Even after one person died in 2014, St. Jude continued to market its device as a safe pacemaker. In fact, the company continued to sell 250,000 defibrillators between 2014 and October 2016 in the United States. The FDA stated that St. Jude knew of the problem for years, and systematically underestimated the risk to patients. The company only focused on a few confirmed battery failure cases. Even when an outside supplier provided evidence to the medical company that its batteries were a problem, St. Jude still denied it.

Even the FDA knew it when they issued St. Jude another warning letter on April 12, 2017, stating:

“By basing your firm’s risk evaluation on ‘confirmed’ cases and not considering the potential for ‘unconfirmed’ cases to have been shorts, your firm underestimated the occurrence of the hazardous situation.”

Most alarming is that St. Jude still shipped and allowed its faulty device to be implanted even after the recall.

Your Rights

When manufacturers produce unsafe products that create pain and suffering, you deserve compensation. Although no amount of money will change the fact that you have suffered a serious injury as a result of manufacturer irresponsibility, compensation will help offset your current and future medical costs, as well as provide for the pain and suffering you have experienced. By filing, you may also help protect other women and their families from needless distress.

We Want to Help St. Jude Implanted Cardioverter Defibrillators Victims

Furthermore, it is your right for manufacturers to inform you about the long-term risks associated with the medical devices, and it is the responsibility of manufacturers to provide this information. Why did St. Jude not tell you?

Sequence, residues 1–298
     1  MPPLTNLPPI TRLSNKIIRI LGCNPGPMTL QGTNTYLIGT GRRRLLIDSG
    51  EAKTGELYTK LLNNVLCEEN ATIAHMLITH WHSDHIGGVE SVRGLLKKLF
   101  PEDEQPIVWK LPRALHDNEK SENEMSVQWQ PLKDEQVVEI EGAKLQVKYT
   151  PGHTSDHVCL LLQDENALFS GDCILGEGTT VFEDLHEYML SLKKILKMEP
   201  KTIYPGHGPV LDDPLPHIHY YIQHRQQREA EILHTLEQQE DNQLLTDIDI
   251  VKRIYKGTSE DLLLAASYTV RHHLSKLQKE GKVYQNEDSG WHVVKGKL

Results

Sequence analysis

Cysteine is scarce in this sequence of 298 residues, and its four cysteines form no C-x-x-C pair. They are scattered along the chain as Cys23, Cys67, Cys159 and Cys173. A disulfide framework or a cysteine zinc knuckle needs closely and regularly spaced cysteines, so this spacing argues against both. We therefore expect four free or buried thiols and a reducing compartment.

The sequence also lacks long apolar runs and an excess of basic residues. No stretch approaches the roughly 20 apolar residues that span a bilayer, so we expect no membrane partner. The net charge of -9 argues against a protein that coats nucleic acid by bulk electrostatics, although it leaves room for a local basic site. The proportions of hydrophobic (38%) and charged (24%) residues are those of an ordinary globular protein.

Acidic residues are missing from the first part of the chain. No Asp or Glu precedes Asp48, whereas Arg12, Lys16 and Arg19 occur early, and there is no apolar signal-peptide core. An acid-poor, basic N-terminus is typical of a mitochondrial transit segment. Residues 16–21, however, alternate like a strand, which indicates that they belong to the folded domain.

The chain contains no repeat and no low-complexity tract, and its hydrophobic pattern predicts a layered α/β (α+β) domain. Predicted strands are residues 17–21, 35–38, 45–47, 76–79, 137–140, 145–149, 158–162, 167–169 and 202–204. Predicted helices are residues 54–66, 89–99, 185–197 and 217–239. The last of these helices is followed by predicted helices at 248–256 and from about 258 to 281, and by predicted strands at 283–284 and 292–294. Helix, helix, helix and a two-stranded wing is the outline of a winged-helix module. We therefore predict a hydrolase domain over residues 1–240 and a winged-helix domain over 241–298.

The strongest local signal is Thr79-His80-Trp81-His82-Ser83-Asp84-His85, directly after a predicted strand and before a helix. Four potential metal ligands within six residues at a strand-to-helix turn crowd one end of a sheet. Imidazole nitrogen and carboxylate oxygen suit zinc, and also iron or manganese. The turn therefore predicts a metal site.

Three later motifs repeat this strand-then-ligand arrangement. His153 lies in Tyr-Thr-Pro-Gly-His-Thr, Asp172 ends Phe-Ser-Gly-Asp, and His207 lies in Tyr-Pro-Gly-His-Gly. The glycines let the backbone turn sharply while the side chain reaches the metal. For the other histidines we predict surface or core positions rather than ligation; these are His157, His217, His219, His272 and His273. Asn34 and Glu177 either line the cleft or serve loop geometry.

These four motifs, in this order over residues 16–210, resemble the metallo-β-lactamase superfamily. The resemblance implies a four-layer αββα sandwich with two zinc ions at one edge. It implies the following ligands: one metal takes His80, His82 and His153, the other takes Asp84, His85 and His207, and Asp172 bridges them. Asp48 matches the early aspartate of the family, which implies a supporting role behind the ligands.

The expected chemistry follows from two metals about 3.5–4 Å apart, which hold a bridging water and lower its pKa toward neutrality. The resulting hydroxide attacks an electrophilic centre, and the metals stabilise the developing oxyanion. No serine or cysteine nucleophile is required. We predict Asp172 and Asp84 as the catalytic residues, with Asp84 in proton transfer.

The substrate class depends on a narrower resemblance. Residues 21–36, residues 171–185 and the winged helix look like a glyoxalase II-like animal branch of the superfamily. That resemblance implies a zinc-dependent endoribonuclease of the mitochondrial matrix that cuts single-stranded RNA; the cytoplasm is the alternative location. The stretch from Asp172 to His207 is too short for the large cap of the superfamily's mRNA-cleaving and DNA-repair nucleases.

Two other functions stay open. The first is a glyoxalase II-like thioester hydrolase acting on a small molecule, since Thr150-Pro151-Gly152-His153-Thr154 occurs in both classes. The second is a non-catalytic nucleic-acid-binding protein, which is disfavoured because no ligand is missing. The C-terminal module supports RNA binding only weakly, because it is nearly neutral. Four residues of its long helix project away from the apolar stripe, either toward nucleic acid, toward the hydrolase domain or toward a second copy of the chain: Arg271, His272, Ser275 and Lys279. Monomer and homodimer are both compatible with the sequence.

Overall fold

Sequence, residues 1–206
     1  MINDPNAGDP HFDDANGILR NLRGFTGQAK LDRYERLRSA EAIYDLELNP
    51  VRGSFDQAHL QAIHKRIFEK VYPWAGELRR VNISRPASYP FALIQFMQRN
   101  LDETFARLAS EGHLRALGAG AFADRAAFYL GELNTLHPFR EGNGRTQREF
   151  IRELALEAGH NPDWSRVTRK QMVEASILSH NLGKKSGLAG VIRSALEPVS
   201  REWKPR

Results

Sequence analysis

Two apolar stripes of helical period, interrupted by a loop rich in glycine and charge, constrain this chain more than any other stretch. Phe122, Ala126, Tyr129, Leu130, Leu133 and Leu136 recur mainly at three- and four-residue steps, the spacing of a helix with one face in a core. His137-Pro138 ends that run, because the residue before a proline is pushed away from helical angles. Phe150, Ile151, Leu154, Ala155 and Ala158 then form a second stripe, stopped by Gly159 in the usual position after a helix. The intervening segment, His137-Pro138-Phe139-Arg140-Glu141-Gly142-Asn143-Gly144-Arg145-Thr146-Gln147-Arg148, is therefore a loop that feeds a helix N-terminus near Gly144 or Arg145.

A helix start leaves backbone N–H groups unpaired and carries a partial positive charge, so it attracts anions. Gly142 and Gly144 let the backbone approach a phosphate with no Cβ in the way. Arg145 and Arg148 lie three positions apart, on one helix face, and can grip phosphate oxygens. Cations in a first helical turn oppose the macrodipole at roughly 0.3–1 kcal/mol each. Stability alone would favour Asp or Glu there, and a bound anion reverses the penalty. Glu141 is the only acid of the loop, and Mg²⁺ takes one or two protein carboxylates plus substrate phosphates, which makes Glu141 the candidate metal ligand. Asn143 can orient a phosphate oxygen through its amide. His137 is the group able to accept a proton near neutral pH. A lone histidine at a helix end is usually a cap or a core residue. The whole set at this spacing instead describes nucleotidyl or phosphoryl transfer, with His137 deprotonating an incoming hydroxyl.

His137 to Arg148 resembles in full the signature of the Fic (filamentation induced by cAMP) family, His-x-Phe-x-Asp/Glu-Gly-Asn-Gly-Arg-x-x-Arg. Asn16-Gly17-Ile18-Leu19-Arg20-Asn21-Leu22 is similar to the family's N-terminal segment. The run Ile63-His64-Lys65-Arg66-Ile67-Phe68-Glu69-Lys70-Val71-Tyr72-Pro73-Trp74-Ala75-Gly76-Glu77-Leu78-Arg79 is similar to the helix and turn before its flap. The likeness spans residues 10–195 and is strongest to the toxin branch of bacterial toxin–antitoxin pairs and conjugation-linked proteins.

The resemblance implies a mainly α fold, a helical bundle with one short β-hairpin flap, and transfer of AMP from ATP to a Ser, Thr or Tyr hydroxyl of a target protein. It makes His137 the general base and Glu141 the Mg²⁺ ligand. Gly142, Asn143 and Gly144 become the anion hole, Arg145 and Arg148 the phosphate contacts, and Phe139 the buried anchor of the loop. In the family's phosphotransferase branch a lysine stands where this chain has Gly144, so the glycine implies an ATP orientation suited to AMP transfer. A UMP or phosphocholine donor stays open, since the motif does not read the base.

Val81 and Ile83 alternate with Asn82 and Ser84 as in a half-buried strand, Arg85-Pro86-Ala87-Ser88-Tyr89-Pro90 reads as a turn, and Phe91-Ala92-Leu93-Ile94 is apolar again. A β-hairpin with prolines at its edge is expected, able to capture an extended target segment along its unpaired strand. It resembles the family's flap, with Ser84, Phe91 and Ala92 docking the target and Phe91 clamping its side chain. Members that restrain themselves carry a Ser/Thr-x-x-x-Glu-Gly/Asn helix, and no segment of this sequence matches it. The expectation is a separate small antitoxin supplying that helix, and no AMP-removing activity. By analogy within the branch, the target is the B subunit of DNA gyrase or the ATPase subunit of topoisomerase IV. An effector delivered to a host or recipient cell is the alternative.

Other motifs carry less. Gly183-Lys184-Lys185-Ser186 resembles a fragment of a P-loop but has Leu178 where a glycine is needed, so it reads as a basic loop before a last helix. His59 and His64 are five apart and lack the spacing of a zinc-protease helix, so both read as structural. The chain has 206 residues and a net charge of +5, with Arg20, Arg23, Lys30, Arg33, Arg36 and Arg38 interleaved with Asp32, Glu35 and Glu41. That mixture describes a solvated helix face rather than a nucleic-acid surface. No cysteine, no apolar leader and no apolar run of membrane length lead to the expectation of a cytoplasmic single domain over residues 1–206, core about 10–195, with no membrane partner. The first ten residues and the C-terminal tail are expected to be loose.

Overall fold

Of course, we want to help send a message that this is not acceptable. We are advocates for consumers who have been harmed by dangerous products, and likewise, we have the experience necessary to successfully litigate these cases.

Contact the Michael Brady Lynch Firm today for a free consultation to learn more about seeking justice. Compensation may be available for any medical expenses associated with this ordeal, as well as for your physical and emotional suffering. There is no obligation.

How We Can Help

When you experience side effects from a dangerous drug, it can have devastating effects on your entire life. A verdict or settlement could also provide compensation for your injuries and damages. The types of recoverable losses are:

  • Past and future medical expenses
  • Lost wages
  • Loss of an ability to work; and
  • Pain and suffering

If a person dies from complications from a drug, family members may be able to recover damages for the wrongful death of their loved one, including:

  • Funeral expenses
  • Medical expenses prior to death
  • Loss of economic support; and
  • Loss of companionship

If the conduct of a company is found to be highly reckless, punitive damages may be awarded to punish the company and deter similar conduct in the future. If a doctor implanted you with a St. Jude implantable cardioverter defibrillator, and it suddenly died, please speak to us to learn more about your rights.

The Michael Brady Lynch Firm is currently accepting cases in all 50 state. Please use the form on this page or call toll-free 24 hours a day at 877-513-9517.

Learn More

St. Jude Knew Its ICD Could Injure and Didn’t Care